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The Nissan Skyline Racing Pedigree Began Here

December 24, 2012 by Matt

As if any reminder were needed, this clip consolidates the case that the post-war racing heritage of Japanese automakers extends almost as far back as that of outfits more commonly renown for their competition pedigree, such as Porsche.

The misconception, of course, is that Japanese cars have no character, no soul; they’re relatively sterile both in their demeanor and in the amount of racing success they’ve given birth to. And yes, in the race featured in the clip the Skyline does lose to the sole foreign entrant, a Porsche 917—but the effect on Japan’s burgeoning racing culture of the fact that the Skyline held its own for a few laps cannot be overstated.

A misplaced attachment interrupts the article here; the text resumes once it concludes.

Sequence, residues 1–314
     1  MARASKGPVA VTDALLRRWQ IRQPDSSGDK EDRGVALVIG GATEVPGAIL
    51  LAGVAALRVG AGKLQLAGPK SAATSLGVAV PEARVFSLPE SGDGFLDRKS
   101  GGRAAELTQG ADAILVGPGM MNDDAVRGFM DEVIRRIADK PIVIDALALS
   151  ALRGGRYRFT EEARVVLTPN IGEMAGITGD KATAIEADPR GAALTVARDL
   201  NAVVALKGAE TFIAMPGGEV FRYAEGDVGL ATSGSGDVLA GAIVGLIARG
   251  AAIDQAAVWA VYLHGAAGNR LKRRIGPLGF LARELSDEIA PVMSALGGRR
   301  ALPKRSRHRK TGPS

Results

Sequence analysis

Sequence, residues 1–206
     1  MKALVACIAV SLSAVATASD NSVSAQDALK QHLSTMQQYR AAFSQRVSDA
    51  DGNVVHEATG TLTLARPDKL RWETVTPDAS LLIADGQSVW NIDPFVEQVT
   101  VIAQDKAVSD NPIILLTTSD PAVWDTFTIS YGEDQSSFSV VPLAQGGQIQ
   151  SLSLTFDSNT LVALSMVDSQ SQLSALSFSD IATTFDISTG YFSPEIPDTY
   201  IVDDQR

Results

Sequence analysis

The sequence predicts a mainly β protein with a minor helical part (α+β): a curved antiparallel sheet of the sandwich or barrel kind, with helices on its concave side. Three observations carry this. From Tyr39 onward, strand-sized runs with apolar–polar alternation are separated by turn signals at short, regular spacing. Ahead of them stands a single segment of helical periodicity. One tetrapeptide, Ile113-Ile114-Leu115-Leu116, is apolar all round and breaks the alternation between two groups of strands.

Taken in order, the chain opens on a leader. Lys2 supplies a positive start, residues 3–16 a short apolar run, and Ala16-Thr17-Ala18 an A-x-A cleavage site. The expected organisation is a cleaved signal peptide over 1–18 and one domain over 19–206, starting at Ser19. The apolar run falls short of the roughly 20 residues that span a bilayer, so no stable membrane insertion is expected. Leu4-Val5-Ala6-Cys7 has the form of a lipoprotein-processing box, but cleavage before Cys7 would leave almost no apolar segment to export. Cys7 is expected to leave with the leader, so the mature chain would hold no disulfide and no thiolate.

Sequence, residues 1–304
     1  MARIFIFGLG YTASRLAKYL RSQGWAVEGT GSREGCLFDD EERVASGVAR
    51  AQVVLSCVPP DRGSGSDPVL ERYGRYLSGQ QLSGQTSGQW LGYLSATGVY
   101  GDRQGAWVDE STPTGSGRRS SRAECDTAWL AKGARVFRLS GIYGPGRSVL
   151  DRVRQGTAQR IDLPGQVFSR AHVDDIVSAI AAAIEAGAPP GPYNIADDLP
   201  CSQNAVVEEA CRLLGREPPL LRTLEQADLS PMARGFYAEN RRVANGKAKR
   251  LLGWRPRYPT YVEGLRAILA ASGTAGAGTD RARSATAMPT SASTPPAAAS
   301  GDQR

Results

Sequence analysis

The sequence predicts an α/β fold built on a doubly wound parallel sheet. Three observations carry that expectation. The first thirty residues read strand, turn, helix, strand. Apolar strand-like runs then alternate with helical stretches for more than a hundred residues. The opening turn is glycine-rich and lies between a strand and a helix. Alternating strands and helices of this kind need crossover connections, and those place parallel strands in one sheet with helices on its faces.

Via Tamerlane.

Merry Christmas to all my faithful readers! You’re the best gift a blogger could ask for.

Filed under: Media, Nissan, Racing


  1. Automobiliac says:

    Well, European and US companies have been racing since the turn of the 20th century, so that isn’t really true. But I appreciate your point: There was a time when Japanese companies raced in the 60s and 70s and they had some really stellar cars as well. But it’s not factually true that the racing history of any Japanese company extends nearly as far back as those of US or European makers. Mercedes, for example, had retired from racing for almost 15 years already when this video was made!

    • Matt says:

      True. I tend to be somewhat short-sighted by default when I think about racing history, thinking only about post-war achievements. And with respect to the clip posted, I subconsciously focused on Porsche, since the Skyline dueled with a 917 and the German automaker’s racing success truly began only in the late ’50s.


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